The glass breakage detector further comprises amplifiers for amplifying the analog signal from the acoustic transducer. The gain response of the amplifiers is greater for higher frequency components and approximately unity for lower frequency components. The offset error generated by the amplifiers may be corrected by the processing means before the signal is used for determining glass breakage. The processing means collects samples of the DC component of the amplified signal and samples of the amplified signal. To calculate the offset error, the processing means collects 1024 samples of both signals, subtracts the samples, and computes an average of the differences. The processor will subtract the computed average from future samples of the amplified signal to correct the offset error.
The processing means or digital signal processor (DSP) uses a feature extraction software algorithm that extracts features using a plurality of filters centered at different frequencies. The features include the summed energy, the period, the symmetry, and the number of zero crossings of the signal after it is filtered. Once the features are extracted, they are compared with stored values to determine if the sound is the result of a glass breakage by the rules analysis software algorithm. The processing means also uses an algorithm which distinguishes against difficult false alarms by checking the extracted features against characteristics of specific false alarms such as keys on a window. The processing means is also capable of transmitting the extracted features to an external computing device for further analysis.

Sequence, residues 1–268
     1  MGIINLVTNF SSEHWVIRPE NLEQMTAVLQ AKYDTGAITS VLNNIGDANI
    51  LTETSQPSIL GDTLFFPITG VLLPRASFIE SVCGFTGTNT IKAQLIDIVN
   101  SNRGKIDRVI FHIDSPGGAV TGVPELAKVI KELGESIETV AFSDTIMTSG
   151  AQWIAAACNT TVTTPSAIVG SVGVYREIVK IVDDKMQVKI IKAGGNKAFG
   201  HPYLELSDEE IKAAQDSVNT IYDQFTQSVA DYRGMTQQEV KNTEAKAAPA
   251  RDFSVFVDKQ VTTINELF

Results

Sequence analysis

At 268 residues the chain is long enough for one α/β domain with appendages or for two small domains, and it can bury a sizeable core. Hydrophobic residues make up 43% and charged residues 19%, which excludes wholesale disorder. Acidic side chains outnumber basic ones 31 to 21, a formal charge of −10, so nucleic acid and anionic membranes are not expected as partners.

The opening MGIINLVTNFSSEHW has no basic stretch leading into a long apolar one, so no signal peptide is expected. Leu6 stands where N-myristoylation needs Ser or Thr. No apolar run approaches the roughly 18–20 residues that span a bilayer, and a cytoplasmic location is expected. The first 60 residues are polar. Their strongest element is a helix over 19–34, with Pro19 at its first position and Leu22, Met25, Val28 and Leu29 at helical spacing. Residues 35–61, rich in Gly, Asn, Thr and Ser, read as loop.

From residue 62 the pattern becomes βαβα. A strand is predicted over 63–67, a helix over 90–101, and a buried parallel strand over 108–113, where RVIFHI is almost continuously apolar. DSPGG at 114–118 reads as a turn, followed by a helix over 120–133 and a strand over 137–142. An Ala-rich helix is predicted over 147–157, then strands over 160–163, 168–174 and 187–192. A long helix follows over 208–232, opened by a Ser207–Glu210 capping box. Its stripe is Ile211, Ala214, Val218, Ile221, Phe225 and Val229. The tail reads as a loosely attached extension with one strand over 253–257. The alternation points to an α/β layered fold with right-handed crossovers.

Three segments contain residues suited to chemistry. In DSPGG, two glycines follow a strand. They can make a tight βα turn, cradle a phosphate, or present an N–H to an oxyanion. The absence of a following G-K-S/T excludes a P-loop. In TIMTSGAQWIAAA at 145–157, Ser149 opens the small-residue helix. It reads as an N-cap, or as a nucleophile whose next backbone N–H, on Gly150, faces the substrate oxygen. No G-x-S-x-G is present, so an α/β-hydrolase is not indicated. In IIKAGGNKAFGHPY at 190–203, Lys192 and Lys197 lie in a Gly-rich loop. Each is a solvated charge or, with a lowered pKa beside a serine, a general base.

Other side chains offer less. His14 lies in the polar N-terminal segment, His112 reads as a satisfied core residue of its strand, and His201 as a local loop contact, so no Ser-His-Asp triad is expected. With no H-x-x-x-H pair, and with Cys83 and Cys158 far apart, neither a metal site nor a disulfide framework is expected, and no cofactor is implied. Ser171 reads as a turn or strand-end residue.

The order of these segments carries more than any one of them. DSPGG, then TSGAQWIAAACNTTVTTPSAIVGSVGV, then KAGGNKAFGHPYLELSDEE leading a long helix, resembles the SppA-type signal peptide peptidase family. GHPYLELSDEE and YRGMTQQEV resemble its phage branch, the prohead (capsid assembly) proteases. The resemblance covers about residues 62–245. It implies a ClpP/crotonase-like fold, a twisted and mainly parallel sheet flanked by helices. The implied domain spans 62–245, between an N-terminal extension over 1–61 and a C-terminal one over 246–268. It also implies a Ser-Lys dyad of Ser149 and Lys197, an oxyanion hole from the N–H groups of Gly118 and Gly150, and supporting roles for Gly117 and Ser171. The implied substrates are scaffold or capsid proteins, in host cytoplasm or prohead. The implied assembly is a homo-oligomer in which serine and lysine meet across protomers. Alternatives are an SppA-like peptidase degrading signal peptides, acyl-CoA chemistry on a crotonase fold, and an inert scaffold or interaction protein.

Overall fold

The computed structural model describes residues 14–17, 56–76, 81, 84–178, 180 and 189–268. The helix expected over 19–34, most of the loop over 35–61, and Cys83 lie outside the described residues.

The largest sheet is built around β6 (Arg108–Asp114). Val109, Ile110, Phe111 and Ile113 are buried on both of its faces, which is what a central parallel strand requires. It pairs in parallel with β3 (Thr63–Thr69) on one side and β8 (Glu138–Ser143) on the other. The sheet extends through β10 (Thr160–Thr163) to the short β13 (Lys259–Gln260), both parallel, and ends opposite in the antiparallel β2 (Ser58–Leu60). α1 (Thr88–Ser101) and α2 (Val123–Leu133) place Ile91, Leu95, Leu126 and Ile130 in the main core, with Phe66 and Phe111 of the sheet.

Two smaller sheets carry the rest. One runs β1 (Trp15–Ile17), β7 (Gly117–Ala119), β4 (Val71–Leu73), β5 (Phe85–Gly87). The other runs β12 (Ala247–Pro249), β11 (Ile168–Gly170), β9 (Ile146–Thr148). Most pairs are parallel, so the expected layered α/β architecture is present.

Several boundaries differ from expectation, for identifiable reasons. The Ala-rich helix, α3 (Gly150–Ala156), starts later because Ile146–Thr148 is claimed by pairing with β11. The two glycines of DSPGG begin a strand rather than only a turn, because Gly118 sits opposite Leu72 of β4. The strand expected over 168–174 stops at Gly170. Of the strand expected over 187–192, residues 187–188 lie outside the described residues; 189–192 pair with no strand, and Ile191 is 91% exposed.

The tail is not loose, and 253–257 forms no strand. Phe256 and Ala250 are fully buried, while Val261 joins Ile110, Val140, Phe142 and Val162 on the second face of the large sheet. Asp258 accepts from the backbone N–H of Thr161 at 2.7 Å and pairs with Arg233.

An important feature of the present invention is the ability of the processing means to use different software routines which may be selected by a user for processing the signal from the acoustic transducer. A user can operate a switch to select a software algorithm from a number of sets of rules to analyze the extracted features to determine if the received waves are a result of glass breakage. This may be useful for reducing false alarms created by different environments. Similarly, a test mode switch causes the processing means to use a different software algorithm (that uses a 5 kHz filter) to extract features and a different rules analysis software algorithm to compare the extracted features against predetermined thresholds.
Another feature of the present invention is the ability of the factory to make changes to the software algorithm. Changes are made simply by reprogramming the algorithm stored in the processor's memory. This feature allows the glass breakage detector to be easily updated with current technology without changing any of the hardware, thereby keeping it from becoming obsolete. This feature also allows the glass breakage detector to be customized to meet specific requirements of different environments.
Modifying or customizing the processing performed by the acoustic detector is accomplished by the following steps: generating a sound, sensing the sound with an acoustic transducer, processing the sound by digital conversion, extracting the features, transmitting the extracted features to an external computing device, analyzing the extracted features with the external computing device, determining a modification to the algorithm stored in memory, and modifying the algorithm.